For this posting about my reflections on this course, I’ll use a car as the metaphor for my communications skills and expertise. My entire professional career as a public relations practitioner, I’ve driven this car wherever I needed to go, with only a smidgeon of understanding about the theoretical “mechanics” of what actually makes it run. This course has been analogous to sticking my head under the hood and tinkering with the engine to gain that understanding.
A principle of public relations is that perception must change before behavior can. This is the case regardless of whether the desired behavior is voting for a candidate, buying a product, showing up at an event, or countless other actions. Communications theory helps explain the relationship between perception and behavior, and how the two influence each other. Before this course, I had mostly anecdotal understanding about this process based on my own professional experience in a variety of contexts and applications. The course provided a theoretical foundation for my understanding that simply didn’t exist before. (But don’t tell my clients that.)
For example, I know from experience that people sometimes act in ways that don’t necessarily serve their own best interests. A voter may support a candidate who espouses economic policy that is potentially damaging to that voter. Actually, this is a pretty common dynamic in public relations. But I did not know why it happens, from a psychological standpoint. Reading about the Theory of Cognitive Dissonance (Littlejohn & Foss, 2011, p. 95) was a revelation because I learned about the factors that give rise to this phenomenon and possible strategies for addressing it.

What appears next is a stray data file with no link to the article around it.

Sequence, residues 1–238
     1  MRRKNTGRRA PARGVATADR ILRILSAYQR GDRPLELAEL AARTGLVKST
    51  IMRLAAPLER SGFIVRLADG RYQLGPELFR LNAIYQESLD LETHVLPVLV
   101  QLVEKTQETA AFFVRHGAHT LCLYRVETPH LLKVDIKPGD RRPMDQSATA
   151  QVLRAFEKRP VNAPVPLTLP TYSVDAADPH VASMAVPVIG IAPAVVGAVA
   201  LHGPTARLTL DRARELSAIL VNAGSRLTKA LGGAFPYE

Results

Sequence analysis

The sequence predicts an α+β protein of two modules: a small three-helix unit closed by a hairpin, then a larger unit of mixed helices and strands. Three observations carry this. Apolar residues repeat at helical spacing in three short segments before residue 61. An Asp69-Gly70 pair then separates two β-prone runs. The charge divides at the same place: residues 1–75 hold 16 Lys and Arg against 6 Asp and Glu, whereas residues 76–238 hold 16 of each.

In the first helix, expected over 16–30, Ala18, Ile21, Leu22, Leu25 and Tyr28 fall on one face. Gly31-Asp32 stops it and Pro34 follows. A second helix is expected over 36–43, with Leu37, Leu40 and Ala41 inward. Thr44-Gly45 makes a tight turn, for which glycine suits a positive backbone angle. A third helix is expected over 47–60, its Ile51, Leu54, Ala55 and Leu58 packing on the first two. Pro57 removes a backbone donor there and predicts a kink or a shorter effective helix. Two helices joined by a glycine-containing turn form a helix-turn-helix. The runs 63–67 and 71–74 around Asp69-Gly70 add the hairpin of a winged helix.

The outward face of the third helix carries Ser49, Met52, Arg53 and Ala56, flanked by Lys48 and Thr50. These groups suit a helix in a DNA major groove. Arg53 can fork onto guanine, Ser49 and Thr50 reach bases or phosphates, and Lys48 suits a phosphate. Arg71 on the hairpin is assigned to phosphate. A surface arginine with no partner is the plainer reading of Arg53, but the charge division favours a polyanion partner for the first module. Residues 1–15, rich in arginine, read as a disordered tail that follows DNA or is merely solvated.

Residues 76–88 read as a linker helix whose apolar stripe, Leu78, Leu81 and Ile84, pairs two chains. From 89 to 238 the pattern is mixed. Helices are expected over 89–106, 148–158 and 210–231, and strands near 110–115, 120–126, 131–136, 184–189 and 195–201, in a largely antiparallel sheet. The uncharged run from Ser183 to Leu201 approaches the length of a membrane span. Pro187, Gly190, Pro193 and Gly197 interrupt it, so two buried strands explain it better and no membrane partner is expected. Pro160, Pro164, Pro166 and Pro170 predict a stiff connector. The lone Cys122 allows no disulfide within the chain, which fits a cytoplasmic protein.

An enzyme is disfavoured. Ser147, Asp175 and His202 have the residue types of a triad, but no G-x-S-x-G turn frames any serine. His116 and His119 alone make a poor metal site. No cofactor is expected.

Of course, learning also occurred through interaction with my classmates. This was especially the case in the last two weeks when we were working on our final projects. There were a wide variety of ideas and interesting approaches on display. Neely employed a thoroughly researched and professional looking presentation, organized in way that made even the most complex principles understandable even to someone with no background in our course material. Melissa chose a film about an extremely timely and relevant issue, cyber-bullying, as a way to illustrate her understanding and application of the subject matter. Tatiana’s video narrative personalized her presentation in way that made it fun to watch and engaging. And Melinda used outstanding graphics to render her points and make them easy to understand and follow. Overall, I learned something from every presentation I watched, which is probably the highest compliment there is.